Man Versus Machine

LagartoFilm

The advances in machine learning, automation, and robotics that we have witnessed over the last few years keeps bringing back the old “man versus machine” debate that is probably as old as technology itself—so old that it’s not even as gender-neutral as it should be. Some professions evolved due to technological advances while others disappeared or became peripheral in modern society.

A mere Google search for “AI job loss” over the last month would reveal titles such as “AI Will Put 10 Million Jobs at High Risk,” “Robots are Coming for Our Jobs Sooner than You Think,” “AI and Robots Could Threaten Your Career Within 5 Years,” and “When AI Spells Exit.”

Going to the other extreme of search results, you’ll find gems like this text written in 1886 in South Africa (The Engineer, volume 61):

Man is being slowly but steadily elbowed out of the labour field by machine. A contrivance has recently been produced by which even cold chisels can be forged without man having more to do with the work than superintend. The beauty of a machine is that it never tires, never strikes against long hours, or for larger wages, keeps over, and is always on the spot when wanted. Once more, in another specialty where the skilled eye and the delicate touch of the human hand were considered indispensable, the artisan no longer holds the field.

That pessimistic description does not feel much different from what luminaries such as physicist Stephen Hawking and businessman Elon Musk have been saying for a few years now:

The automation of factories has already decimated jobs in traditional manufacturing, and the rise of artificial intelligence is likely to extend this job destruction deep into the middle classes, with only the most caring, creative or supervisory roles remaining. This in turn will accelerate the already widening economic inequality around the world. The internet and the platforms that it makes possible allow very small groups of individuals to make enormous profits while employing very few people. This is inevitable, it is progress, but it is also socially destructive. (Stephen Hawking, The Guardian)

There certainly will be job disruption. Because what’s going to happen is robots will be able to do everything better than us. I mean all of us (…) Transport will be one of the first to go fully autonomous. But when I say everything—the robots will be able to do everything, bar nothing. (Elon Musk, speaking to the National Governors Association earlier this year)

Of course, you’ll see the opposite view by many others, such as IBM‘s Ginni Rometty and Facebook‘s Mark Zuckerberg, pretty much making the argument that it shouldn’t be man versus machine, but should be man with machine.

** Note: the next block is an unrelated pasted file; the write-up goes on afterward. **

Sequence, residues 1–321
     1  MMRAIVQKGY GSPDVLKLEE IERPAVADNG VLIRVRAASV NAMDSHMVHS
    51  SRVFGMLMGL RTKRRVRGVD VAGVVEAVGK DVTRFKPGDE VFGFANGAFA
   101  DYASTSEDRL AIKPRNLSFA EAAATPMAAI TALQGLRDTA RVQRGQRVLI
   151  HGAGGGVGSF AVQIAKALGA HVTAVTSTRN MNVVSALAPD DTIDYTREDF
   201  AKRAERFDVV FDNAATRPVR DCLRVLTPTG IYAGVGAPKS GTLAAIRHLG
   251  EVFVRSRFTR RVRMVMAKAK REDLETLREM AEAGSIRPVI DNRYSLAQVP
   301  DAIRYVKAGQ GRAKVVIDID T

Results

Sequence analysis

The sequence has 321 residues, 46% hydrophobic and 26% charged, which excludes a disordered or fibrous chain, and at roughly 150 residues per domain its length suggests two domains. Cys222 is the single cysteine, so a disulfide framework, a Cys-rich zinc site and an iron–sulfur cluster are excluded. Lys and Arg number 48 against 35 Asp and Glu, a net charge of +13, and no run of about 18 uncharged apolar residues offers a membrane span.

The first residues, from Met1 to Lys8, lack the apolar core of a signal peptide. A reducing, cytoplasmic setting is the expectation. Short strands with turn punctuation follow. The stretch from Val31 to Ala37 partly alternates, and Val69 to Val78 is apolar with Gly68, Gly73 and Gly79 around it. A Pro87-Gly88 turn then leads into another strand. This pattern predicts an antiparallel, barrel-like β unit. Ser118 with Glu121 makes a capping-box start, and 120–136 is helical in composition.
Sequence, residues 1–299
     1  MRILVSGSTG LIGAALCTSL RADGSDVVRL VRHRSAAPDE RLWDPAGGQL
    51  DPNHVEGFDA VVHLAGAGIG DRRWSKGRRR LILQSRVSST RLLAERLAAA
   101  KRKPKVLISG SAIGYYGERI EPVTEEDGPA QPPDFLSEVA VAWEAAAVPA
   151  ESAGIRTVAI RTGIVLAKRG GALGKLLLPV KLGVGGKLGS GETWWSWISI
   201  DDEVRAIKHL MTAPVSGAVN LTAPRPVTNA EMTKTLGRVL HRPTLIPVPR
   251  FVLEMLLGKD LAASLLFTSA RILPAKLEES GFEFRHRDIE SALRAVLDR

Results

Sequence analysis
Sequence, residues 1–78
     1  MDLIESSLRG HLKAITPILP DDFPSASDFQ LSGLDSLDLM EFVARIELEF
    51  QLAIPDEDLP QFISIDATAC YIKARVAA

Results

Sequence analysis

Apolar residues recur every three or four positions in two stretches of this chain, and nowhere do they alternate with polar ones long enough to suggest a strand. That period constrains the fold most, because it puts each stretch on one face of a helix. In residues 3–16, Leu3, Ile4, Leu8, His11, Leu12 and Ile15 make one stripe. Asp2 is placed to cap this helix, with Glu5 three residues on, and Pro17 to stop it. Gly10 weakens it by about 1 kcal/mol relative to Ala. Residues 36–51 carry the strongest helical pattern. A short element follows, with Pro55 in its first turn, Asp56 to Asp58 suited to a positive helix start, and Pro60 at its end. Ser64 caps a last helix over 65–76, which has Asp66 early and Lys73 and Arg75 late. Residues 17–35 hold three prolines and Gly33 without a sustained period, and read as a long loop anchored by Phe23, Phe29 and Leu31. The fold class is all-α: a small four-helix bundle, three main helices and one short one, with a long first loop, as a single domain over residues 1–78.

Some people call this artificial intelligence, but the reality is this technology will enhance us. So instead of artificial intelligence, I think we’ll augment our intelligence. (Ginni Rometty, IBM)

If you’re arguing against AI, then you’re arguing against safer cars and being able to better diagnose people when they’re sick. I just don’t see how in good conscience some people can do that. So I’m just much more optimistic on this in general than I think a lot of folks are. (Mark Zuckerberg, Facebook)

The curse and blessing of this social media-dominated era is that, no matter what you believe, supporting arguments by pretty credible sources are just a Google search away from you. Keep googling about “AI” or “job losses” and you’ll find no shortage of reasonable and strong forecasts by futurologists depicting rosy and doomsday scenarios with equal confidence.

One way to make sense of all this contradictory information is to interpret them using author Philip E. Tetlock‘s skeptical view claiming that the average expert is roughly as accurate in predicting the future as a dart-throwing chimpanzee, as discussed in his book, Superforecasting: The Art and Science of Predication. This is not to dismiss the intelligence or honesty of any of those forecasters; all of the ones cited above are reasonable, intelligent, and successful thinkers and doers. But considering the level of disagreement between their predictions, they can’t all be right on this theme—unless a comic-book style crisis on infinite earths is about to become a reality.

Since it’s not possible to rely on experts in this case, the wise call is to be prepared and hedge our bets by making personal decisions that will help us regardless of what the future has in store. We may or may not lose our jobs several times over the next few years, but we should make peace with the fact that it’s one possible outcome of what we are observing today.

From now on, the transitions like the ones from gatherer to farmer to urban-dweller to global citizen won’t take generations to materialize. They will happen several times during a lifetime, and adapting ourselves to an always-learning, always-adapting mindset will be crucial for our survival. In fact, AI may play an important role as a prosthetic amplification of our learning ability in this brave and new world. Some say that you can’t teach an old dog new tricks, but nobody said anything about a dog powered by AI.

This article originally appeared in Biznology.

This article was written by Aaron Kim from Business2Community and was legally licensed through the NewsCred publisher network. Please direct all licensing questions to legal@newscred.com.